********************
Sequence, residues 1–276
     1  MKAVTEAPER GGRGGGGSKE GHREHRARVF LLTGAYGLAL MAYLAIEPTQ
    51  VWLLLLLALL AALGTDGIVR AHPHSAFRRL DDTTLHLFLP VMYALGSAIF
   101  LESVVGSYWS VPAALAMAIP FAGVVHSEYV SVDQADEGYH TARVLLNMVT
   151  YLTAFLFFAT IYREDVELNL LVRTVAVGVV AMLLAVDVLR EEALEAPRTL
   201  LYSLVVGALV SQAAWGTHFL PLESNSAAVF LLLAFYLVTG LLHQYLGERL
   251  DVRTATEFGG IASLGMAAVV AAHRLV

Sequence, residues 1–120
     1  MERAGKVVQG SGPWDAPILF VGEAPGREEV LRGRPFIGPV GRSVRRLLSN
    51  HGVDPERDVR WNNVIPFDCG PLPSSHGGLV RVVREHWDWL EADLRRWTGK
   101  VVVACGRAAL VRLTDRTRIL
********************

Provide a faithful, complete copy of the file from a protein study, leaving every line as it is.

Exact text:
Sequence, residues 1–276
     1  MKAVTEAPER GGRGGGGSKE GHREHRARVF LLTGAYGLAL MAYLAIEPTQ
    51  VWLLLLLALL AALGTDGIVR AHPHSAFRRL DDTTLHLFLP VMYALGSAIF
   101  LESVVGSYWS VPAALAMAIP FAGVVHSEYV SVDQADEGYH TARVLLNMVT
   151  YLTAFLFFAT IYREDVELNL LVRTVAVGVV AMLLAVDVLR EEALEAPRTL
   201  LYSLVVGALV SQAAWGTHFL PLESNSAAVF LLLAFYLVTG LLHQYLGERL
   251  DVRTATEFGG IASLGMAAVV AAHRLV

Sequence, residues 1–120
     1  MERAGKVVQG SGPWDAPILF VGEAPGREEV LRGRPFIGPV GRSVRRLLSN
    51  HGVDPERDVR WNNVIPFDCG PLPSSHGGLV RVVREHWDWL EADLRRWTGK
   101  VVVACGRAAL VRLTDRTRIL